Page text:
Spring Cleaning: Facing Information Gluttony

I often wonder when people hear the phrase “spring cleaning,” if they also consider their electronic clutter. My spring cleaning cues are almost always based in the physical world. Notably when the strong sunshine streams through the windows illuminating dust. It’s also likely that opening windows in spring contributes to the dust, but maybe that’s part of the process, too.

It’s likely a combination of factors in spring that motivate a cleaning urge. Perhaps it’s the nicer weather or longer days. This may give people that much needed boost of energy to tackle the cleaning. Or perhaps it’s more psychological that a good, thorough cleaning feels good after being inside during the winter months. I suppose it’s symbolic of a fresh start. Or yet, for others it may be the changing seasons prompt a routine of switching out clothes, refreshing things, replacing the battery in the smoke detector, etc.

Whatever the reason, spring cleaning is part of our culture. However, it doesn’t seem to impact our digital world in quite the same way. Perhaps this is because we don’t see dust accumulating on our digital hoards. And we never struggle to shut that digital closet since it’s so easy and cheap to buy more (virtual) space.

We have access to more information than ever. ┬áThe reduced cost of digital storage and having everything available in digital formats has changed the dynamic. Confronting us is an abundance of digital “stuff” that amounts to more than hoarding. It’s crossed beyond overload and is pure gluttony.

When we only dealt with physical items, we could never save everything.

  1. Physical items take up space, which many of us don’t have in limitless supply.
  2. The time investment needed to organize, store, and maintain everything would be enormous. So we routinely get rid of it.
  3. Sometimes physical items get destroyed, used up, or fall apart. This makes makes the decision to part with them easy and necessary.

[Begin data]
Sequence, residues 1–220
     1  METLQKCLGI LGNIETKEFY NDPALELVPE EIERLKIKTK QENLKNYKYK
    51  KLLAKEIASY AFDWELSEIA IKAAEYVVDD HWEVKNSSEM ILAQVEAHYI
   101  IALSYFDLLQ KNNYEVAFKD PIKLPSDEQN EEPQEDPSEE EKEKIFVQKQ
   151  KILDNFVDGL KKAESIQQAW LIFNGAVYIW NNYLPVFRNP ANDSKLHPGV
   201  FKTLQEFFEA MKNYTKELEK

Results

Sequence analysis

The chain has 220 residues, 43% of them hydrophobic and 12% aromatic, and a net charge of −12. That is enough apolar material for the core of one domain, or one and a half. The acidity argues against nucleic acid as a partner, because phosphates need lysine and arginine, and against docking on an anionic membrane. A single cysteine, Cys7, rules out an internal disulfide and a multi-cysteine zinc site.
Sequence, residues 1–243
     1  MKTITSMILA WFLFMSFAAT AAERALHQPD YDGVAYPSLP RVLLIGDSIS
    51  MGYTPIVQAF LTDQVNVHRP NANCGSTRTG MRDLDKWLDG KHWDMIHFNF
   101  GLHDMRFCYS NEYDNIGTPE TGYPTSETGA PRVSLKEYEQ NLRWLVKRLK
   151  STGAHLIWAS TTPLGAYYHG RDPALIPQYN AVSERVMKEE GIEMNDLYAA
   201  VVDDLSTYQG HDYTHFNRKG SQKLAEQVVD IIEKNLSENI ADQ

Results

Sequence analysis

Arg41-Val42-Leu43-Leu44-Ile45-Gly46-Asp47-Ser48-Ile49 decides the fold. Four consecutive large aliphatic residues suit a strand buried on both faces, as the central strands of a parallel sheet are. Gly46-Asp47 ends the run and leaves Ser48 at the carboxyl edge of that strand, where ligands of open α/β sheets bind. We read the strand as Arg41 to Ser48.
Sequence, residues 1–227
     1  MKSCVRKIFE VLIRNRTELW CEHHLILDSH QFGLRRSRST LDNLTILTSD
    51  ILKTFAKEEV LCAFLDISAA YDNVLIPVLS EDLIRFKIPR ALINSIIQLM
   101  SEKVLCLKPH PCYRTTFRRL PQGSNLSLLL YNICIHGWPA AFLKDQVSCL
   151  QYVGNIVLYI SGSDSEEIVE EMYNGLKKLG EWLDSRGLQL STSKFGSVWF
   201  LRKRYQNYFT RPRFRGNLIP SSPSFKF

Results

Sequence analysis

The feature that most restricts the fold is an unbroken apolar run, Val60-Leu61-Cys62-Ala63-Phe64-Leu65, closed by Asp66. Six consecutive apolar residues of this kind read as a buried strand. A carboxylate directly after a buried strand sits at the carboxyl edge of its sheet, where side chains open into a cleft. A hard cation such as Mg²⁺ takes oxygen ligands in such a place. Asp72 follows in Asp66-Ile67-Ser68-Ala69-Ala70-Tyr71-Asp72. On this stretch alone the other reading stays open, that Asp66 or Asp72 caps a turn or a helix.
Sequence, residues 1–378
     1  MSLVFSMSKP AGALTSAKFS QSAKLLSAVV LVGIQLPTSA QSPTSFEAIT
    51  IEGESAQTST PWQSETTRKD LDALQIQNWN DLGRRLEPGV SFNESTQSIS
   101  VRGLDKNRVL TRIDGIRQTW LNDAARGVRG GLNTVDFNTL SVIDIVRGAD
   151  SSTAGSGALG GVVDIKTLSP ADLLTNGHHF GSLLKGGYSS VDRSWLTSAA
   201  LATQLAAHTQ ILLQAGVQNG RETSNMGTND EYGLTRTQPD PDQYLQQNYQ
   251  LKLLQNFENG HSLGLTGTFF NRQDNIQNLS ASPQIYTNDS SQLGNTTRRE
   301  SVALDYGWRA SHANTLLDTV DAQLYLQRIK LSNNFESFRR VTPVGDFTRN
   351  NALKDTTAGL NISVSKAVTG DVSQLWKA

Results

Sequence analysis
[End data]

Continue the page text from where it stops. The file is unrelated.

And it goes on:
However, confronted with our gluttony of digital assets, it’s a different landscape and a new kind of problem. The task of maintaining and managing it is too overwhelming. It leaves us greedy for more without good solutions in place to control our excessive indulgence for information.

Digital overload is real. Spring cleaning for it is not sufficient as too much will accumulate in a year. My proposal is to focus on the strategic save. Purge the rest. Routinely.

Spring Ahead

Admittedly, I’m a bit of a spring enthusiast. Each year, when the wind changes from a piercing stab to a gentle caress, I hang up my winter coat. From that point on, I refuse to put it on again. If the temperature drops a bit, I add a layer. I remain stubborn about this, even when the weather doesn’t cooperate.

This past weekend, the weather was unseasonably cold. The temperature dropped below freezing. The wind turned bitter and piercing. We had snow! Sunday I went for a walk. I was wearing a long-sleeve shirt, a thermal shirt, a down vest, and my heavy leather coat. In addition, I also wore a hat, gloves, and wool socks. I felt cold! A few times during the walk I wished I had reneged on my stubbornly held view that the winter coat stays retired until next winter.